The Arab-Israeli conflict, initiated over one-hundred years ago and still continuing, has confounded both policy-makers and citizens; despite the best efforts of foreign leaders, only one substantial accord has materialized in the decades of negotiations: the Israel-Egypt peace treaty of 1979. Foreign policy can’t be viewed in a vacuum; rather, each country must be viewed as a nation with legitimate historical and political aspirations. When evaluating foreign policy, there are two methods of analysis: one is to concentrate on the output and documents produced by working backwards, deducing the intents of the various leaders from the end result; the other method is to focus on the politics of decision making, viewing foreign policy as a result of individual political aims. The first approach focuses on the primary sources, while the other concentrates on the parties themselves. In this paper, I will give a comprehensive background of Israel-Egypt relations, and utilize the two forms of analyses to deduce what the goals of each party were at the time the treaty was signed, and use the lens of hindsight to evaluate whether their goals were met.
The dispute over the territory called Palestine began relatively recently. Palestinian Arabs had lived as impoverished peasants under corrupt, continuous Ottoman rule for centuries; political identification as a Palestinian within the broad current of Arab nationalism only began at the beginning of the 20th century, as living conditions in Palestine slowly began to improve. Meanwhile, Zionists had been organizing small but steady waves of immigration into Palestine as early as 1882. Arab resentment toward the Zionists emerged due to economic and political concerns: the local Palestinian populations were justifiably afraid that the Jewish population would monopolize trade or provide unwanted economic competition, while the Arab nationalists were anxious that Zionism not interfere with their own political aspirations.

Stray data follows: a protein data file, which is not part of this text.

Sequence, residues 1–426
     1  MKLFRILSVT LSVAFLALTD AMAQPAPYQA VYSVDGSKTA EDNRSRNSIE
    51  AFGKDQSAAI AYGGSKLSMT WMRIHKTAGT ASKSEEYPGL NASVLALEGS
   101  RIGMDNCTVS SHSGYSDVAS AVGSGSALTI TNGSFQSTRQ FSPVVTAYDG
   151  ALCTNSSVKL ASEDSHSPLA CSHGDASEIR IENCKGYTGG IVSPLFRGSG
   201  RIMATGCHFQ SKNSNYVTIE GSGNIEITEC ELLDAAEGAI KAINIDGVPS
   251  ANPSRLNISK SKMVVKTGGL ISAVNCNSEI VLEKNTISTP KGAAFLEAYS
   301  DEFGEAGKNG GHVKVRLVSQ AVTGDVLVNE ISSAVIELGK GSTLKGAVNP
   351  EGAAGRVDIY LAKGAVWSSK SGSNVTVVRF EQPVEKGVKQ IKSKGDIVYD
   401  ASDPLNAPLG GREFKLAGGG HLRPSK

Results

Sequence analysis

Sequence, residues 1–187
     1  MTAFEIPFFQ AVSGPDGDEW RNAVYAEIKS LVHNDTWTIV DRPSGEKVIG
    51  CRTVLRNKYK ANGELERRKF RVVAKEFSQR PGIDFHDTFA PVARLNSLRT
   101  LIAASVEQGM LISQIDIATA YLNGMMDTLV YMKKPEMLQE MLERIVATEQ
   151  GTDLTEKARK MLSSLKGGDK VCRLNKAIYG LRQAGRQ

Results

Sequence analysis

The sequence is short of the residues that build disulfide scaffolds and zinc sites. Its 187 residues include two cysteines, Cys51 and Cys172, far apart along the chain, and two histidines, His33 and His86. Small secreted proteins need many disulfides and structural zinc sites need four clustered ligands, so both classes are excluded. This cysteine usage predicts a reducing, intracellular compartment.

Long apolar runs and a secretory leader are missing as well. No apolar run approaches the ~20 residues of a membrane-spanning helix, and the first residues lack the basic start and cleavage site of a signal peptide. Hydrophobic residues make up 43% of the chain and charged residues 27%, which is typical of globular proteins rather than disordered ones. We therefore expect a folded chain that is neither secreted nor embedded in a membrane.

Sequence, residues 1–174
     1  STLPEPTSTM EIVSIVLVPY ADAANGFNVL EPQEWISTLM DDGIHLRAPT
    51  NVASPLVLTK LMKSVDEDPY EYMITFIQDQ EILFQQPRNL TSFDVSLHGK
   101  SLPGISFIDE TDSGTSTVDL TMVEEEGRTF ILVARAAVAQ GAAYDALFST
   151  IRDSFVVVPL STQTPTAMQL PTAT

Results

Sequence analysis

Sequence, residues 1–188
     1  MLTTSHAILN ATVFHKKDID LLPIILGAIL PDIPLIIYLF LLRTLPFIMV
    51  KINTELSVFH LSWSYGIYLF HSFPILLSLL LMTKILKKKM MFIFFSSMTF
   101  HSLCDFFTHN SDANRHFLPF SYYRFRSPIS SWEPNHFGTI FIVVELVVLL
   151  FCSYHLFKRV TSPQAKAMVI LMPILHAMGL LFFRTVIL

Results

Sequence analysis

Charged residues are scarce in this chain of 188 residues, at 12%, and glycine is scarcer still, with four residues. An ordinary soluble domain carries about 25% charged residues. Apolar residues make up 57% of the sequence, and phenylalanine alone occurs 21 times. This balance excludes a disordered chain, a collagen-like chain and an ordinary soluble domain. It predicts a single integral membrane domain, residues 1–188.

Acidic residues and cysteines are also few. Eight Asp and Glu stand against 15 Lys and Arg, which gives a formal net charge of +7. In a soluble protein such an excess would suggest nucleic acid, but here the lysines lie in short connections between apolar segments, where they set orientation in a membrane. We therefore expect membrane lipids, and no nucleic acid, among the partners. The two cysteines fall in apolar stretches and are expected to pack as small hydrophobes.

Egypt, in contrast to Palestine, was the leader of the Arab world. In the 1800s, Egypt, under the leadership of Muhammad Ali, began a campaign of “defensive modernization”; that is, an importation of military and economic principles of the West in an effort to rejuvenate the Arab world and its culture. The khedives (rulers) who succeeded Ali continued his campaign of modernization by constructing new facilities; the Suez Canal, an important position in trade between Europe and the Far East, was constructed in 1869. However, this modernization invited the imperialism that Egypt sought to avoid; in 1883, Egypt became a “veiled protectorate” (an unofficial colonial dependency), and on the eve of World War I, a formal British protectorate was established until the Egyptian Revolution of 1952.
During the War, Britain issued three conflicting statements with regard to Palestine: the McMahon letters, the Sykes-Picot agreement, and the Balfour Declaration, the various explanations of Britain’s strategic motives in the region, however, did nothing to ease Palestinian fears of renewed imperialism. Indeed, their fears were justified; Britain, acting under the authority of Article 22 of the Covenant of the League of Nations, established a mandate in Palestine. The years leading up until 1948 were marked by riots and subsequent commissions of inquiry, the most notable being the 1947 U.N. Partition Plan.
Currents of Egyptian nationalism emerged as a response to the perceived disadvantages of colonialism and the widespread criticism of the inept and corrupt regime in Egypt. Some of these currents played on popular anti-Zionist tendencies; Egypt’s historically excellent relations with Palestine were ruptured by the Zionist presence. These currents resulted in a deposition of the corrupt and inept Wafd regime; on “Black Saturday”, January 26, 1952, large-scale rioting broke out in Cairo, and a